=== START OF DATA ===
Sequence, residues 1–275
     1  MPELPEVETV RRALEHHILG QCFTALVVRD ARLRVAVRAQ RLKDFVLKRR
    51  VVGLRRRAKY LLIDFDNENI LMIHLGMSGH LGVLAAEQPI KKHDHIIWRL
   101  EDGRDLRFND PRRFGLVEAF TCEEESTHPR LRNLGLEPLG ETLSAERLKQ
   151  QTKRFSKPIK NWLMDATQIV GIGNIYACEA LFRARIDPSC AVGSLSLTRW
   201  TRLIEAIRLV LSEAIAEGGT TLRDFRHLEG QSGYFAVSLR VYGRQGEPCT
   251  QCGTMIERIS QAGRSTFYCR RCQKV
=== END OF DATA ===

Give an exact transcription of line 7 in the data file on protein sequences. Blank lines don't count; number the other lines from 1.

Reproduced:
   251  QCGTMIERIS QAGRSTFYCR RCQKV